The problem with most people is that when they draw they see their subject (either in front of them or in their mind) and when they begin the process of putting that subject to media through drawing, painting, etc the Left Side of the brain unconsciously starts sorting the information out into hard details: Eyes are shaped like this. Lips have a notch like so. Every nose has nostrils like so. Every bit is stored in the Left Side of the brain as a hard symbol of what you think represents what an object is. As such, when you begin drawing you end up drawing subconscious symbols for what you are drawing, in piece-meal, order. Instead of drawing a face, you draw what you think represents hair, what you think represents eyes, what you think represents a nose, what you think represents lips, etc, etc. It ends up looking similar to Egyptian Hieroglyphics instead of a portrait.
When you shift over to the Right Side of the brain, you then begin to draw a face. It lessens the habit of letting the Left Side of your brain sort through the information (the picture) you are creating and breaking it down into little individual parts. The grand thing about the book is that it breaks that process down, and then provides exercises on how to consciously shift into the Right Side of your brain.
The site: http://www.drawright.com/ explains it in better detail, but I can attest that it does work. Even in the state that I was someone who drew all the time as a little kid, I found it very helpful.
This is completely wrong. "Talent" is just something people who don't want to commit the effort use to dismiss the hard work of people that do.
There may be some ingrain ability that may stop someone from being at the very highest level, but you can get very, very good at anything as long as you put in the hours.
Good shit makes me want to draw more. Between kids work bjj and gym I barely have time for maybe an hour every other night.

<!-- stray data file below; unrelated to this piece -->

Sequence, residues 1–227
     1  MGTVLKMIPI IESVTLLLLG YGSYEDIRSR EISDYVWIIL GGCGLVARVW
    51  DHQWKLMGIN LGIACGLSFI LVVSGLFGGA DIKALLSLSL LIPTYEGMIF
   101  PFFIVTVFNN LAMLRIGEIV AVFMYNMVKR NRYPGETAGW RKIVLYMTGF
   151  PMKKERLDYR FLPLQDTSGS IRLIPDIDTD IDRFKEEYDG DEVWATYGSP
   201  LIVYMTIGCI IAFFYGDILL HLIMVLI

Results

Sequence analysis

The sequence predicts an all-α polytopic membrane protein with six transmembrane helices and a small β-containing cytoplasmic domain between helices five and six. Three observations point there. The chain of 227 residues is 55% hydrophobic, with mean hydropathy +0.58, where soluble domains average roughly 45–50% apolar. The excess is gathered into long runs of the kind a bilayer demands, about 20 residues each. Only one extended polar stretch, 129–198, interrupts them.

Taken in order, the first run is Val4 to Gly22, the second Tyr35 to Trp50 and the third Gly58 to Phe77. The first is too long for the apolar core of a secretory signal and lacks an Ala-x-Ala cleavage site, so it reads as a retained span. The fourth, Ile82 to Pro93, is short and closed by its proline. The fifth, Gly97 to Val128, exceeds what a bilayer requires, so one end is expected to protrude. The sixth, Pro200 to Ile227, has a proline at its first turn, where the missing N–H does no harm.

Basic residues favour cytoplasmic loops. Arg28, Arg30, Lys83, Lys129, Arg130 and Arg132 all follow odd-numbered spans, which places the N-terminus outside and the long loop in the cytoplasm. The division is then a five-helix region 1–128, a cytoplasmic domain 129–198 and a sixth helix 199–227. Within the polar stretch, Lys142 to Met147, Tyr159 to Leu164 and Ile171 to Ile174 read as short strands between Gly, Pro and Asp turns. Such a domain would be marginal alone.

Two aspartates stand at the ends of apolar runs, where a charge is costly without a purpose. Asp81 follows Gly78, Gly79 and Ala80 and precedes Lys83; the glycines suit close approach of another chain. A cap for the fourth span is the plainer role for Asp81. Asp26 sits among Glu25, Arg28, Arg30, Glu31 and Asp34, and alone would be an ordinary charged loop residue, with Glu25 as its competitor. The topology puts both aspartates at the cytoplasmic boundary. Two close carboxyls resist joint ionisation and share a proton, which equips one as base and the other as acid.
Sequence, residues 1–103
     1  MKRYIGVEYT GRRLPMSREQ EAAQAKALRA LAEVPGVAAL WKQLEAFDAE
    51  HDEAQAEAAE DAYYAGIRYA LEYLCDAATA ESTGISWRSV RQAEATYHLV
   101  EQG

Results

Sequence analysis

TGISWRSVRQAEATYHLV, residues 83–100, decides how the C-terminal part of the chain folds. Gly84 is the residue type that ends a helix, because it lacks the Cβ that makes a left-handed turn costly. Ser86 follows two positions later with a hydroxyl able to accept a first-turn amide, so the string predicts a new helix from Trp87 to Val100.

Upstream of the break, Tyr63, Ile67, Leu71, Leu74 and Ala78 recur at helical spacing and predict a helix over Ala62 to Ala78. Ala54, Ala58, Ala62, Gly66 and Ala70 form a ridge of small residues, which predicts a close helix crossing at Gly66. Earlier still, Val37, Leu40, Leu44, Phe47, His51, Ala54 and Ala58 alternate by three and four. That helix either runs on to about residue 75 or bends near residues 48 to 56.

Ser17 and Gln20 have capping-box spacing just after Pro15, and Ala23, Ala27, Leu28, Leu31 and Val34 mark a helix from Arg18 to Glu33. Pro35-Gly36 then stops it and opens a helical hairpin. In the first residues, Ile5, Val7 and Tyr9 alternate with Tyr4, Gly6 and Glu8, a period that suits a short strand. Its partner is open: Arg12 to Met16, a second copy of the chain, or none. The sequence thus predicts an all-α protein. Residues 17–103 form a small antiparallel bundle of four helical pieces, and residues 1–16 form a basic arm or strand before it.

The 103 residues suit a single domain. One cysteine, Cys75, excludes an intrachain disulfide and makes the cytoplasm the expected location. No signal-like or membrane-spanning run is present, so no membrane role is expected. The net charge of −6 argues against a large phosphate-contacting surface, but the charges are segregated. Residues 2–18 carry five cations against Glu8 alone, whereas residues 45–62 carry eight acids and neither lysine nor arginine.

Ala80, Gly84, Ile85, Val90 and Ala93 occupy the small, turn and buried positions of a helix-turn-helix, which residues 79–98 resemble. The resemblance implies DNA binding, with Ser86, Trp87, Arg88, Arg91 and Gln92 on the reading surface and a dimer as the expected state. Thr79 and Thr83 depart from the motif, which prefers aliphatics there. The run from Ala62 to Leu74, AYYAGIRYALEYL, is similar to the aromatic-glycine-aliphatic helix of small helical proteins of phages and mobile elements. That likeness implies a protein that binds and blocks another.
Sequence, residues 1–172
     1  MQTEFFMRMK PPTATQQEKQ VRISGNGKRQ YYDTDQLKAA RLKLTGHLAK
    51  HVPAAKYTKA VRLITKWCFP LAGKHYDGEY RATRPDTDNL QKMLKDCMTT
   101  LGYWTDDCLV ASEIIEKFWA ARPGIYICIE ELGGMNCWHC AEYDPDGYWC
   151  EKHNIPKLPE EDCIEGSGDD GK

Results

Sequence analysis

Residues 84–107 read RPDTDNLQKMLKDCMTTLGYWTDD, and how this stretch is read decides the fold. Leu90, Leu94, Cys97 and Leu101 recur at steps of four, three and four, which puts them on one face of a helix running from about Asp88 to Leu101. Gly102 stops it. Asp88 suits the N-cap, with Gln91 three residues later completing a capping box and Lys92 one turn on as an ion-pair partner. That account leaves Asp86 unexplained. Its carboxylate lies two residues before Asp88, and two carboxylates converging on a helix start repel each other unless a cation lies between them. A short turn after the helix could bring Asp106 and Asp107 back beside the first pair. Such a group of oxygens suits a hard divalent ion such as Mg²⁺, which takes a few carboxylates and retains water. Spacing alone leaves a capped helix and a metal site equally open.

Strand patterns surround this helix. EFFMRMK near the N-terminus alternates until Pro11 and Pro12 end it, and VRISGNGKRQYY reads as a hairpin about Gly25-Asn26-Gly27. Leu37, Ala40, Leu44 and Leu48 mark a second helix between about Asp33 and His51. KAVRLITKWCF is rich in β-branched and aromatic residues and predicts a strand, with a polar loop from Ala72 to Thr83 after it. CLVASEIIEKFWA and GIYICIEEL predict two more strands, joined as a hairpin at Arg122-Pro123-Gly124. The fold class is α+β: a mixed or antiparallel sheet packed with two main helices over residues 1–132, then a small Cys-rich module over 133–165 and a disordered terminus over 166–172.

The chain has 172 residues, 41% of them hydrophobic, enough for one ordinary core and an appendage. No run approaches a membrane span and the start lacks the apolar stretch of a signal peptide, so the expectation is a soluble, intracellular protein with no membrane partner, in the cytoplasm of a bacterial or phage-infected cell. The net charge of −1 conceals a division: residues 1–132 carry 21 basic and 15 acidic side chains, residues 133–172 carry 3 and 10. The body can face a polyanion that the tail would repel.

I'd recommend Scott Robertson's book How To Draw for anyone who wants to know the basics of perspective.
Another interesting thing that's happening in matte painting/concept art is the use of 3d to quickly build areas.
Here's Steven messing talking about using the program cinema 4d. Not really a tutorial, just something cool to show what's out there.
For the TS, since I looked back in the thread and saw you were interested in painting from life/realistic things, this is a tutorial playlist for digital plein air style painting if you're interested in every getting into digital tools. Very thorough.
I remember reading this book and using it in class long time ago. I think I forgot most of what I read in it though.
Same here. However, it's been decades since I've taken my last art class and a few years since I've put anything on paper. I just packed the book up a little while ago (which is the whole reason why it came to mind).
"Talent" can mean many things in drawing. Maybe you have great spatial intelligence and can easily construct and shade. Maybe you have a sense for creating compositions that evoke strong feelings in the viewer. Maybe you have a great sense of humour and can create comics that a lot of people will relate to, etc.
The idea that someone can have no talent whatsoever is a bit absurd. Talent is multifaceted, there's bound to be something you have an affinity for. And having an affinity for something means nothing unless you're willing to put thousands of hours into learning.